JavaScript tracker backward compatibility


I wonder if there is backward compatibility guaranteed in JavaScript trackers? The issue is as follows: on our sites we use tracker version 2.6.2 (planning to update soon), but I have found, one of 3rd parties also uses Snowplow and loads tracker version 2.9.0. I have found, that in about 1% cases 3rd party code loads faster and our site uses never tracker. As 2.8 has introduced major change (unstruct event -> self describing event), potentially some issues may be observed. I am trying to estimate if there could be any data loss and potential size.

Hi @grzegorzewald,

The new tracking method for custom events was released in v2.7. The old trackUnstructEvent method is still compatible and will still work.

This change was introduced in the name of avoiding misunderstandings in the nature of custom events - the name ‘unstructured’ is misleading as they are in fact highly structured.

With this:

our site uses never tracker.

I think this is in reference to the respectDoNotTrack method, which should also still function as before. v2.8 also introduced opt out cookies as a different method of providing a similar functionality - it enables you to save an ‘opt-out’ cookie which if enabled prevents tracking. This should be useful in managing consent in relation to GDPR, for example.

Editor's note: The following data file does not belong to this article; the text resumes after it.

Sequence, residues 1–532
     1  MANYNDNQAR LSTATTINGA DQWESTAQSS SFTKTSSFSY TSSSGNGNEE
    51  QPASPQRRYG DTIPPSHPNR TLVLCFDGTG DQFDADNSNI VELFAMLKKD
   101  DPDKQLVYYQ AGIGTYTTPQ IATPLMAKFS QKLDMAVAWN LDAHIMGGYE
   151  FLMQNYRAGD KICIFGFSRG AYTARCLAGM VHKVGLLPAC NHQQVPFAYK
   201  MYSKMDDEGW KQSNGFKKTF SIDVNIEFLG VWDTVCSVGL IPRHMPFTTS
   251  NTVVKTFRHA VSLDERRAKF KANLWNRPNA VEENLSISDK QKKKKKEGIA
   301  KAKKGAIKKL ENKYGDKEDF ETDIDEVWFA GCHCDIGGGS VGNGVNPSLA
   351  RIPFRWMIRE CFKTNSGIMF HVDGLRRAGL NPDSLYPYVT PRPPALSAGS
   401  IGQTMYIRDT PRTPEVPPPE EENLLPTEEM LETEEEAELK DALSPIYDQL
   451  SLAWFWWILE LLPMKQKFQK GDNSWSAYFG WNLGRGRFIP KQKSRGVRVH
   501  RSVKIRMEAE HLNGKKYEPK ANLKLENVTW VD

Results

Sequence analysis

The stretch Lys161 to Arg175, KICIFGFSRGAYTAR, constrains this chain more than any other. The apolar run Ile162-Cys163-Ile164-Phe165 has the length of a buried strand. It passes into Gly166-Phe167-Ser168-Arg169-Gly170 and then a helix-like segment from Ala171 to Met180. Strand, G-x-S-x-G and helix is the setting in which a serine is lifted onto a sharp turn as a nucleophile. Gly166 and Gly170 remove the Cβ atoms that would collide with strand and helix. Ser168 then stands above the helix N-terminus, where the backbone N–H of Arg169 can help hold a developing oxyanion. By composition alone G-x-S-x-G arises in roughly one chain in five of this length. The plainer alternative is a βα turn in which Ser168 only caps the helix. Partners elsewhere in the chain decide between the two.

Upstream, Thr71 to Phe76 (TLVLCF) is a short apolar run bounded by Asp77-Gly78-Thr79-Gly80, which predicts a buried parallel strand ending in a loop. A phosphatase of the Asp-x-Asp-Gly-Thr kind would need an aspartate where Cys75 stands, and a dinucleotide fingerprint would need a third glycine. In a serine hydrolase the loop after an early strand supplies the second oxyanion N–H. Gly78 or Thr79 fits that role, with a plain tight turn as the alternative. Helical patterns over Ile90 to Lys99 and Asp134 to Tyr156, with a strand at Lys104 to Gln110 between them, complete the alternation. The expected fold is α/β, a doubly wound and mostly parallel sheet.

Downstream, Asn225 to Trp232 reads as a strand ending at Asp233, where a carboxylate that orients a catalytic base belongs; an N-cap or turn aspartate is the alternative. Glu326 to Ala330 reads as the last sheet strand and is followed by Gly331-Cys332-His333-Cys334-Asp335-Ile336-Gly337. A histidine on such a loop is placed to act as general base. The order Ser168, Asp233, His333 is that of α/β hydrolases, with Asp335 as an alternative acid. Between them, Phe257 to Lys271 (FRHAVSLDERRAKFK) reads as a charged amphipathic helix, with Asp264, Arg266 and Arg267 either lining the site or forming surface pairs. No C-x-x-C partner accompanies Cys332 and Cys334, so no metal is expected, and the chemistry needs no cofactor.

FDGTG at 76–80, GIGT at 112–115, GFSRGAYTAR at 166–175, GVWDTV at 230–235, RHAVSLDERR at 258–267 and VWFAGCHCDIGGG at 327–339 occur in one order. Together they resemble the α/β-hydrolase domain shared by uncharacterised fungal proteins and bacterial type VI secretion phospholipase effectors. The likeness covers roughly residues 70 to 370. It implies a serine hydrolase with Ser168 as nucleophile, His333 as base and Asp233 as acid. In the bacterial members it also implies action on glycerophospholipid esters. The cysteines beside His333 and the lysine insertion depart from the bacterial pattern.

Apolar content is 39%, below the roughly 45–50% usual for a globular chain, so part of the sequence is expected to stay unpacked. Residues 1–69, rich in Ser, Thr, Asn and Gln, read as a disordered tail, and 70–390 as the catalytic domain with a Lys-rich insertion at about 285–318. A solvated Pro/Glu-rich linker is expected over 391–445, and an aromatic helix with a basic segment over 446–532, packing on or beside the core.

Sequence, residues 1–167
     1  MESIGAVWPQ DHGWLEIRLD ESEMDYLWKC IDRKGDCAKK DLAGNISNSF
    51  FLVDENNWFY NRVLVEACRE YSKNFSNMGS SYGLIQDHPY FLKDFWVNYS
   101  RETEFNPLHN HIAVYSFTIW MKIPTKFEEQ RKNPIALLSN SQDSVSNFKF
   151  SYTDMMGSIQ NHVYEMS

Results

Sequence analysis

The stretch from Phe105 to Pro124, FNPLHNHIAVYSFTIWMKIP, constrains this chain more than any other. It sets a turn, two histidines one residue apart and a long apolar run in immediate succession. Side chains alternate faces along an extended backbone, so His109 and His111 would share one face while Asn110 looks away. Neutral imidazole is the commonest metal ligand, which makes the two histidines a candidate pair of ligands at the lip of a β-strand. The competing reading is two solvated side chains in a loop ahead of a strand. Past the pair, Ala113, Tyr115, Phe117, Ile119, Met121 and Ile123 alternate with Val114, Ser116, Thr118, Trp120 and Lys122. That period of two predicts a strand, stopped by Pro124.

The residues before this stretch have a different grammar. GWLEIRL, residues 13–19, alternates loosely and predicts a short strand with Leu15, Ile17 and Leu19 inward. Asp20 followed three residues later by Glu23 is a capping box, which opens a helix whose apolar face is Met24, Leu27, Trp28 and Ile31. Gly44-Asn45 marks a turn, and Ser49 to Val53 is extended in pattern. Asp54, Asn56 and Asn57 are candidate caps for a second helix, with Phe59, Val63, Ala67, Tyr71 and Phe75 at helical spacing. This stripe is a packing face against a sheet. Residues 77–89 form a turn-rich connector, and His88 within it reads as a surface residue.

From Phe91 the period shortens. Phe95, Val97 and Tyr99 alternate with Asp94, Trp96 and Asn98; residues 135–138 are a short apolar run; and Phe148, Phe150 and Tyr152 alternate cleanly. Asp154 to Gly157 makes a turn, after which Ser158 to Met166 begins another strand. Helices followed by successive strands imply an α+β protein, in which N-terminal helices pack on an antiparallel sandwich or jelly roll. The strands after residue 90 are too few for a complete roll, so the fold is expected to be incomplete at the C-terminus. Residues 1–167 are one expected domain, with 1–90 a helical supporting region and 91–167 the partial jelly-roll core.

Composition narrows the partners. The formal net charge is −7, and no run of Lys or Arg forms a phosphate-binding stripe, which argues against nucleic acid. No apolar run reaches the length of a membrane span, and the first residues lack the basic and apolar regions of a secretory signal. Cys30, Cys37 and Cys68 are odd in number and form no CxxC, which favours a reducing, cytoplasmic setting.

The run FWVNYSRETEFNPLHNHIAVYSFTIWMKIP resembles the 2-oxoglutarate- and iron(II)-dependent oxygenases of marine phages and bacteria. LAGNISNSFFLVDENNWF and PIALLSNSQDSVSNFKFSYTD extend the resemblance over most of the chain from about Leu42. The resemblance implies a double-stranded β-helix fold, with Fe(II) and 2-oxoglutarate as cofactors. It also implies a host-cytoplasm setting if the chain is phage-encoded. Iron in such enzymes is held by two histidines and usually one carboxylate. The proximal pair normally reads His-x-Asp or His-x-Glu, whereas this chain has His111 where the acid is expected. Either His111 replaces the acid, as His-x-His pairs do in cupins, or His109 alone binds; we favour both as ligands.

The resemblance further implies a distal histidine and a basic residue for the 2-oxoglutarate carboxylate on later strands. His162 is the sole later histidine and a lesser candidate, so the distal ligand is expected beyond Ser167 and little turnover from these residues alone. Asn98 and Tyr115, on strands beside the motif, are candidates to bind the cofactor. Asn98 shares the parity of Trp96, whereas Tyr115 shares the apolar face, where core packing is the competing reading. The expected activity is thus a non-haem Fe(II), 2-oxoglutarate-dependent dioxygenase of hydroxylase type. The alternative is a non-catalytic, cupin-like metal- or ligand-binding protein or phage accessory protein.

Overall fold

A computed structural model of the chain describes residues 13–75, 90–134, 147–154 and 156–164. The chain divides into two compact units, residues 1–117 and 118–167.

I hope that is helpful - any follow up questions let us know!

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Thanks for info - I have verified working unstructured events.

i did typo in - i meant up to date tracker version.

respectDoNotTrack was generally not the best idea, as some browsers have it set to true by default.

Agreed - there are always considerations which hamper how we’d ideally like things to work.

I may be projecting my own thoughts onto the below rather than giving a representation of what the product-design thinking was, but I think that’s why respectDoNotTrack defaults to false - in an ideal world it’s set to true so that users don’t inadvertently track users without consent, but that limitation makes this impractical. The opt out cookie gives us more control over consent management though, which I’m hopeful of in terms of the future of ethical data collection.

Bit of a tangent there - happy to help in any case :slight_smile: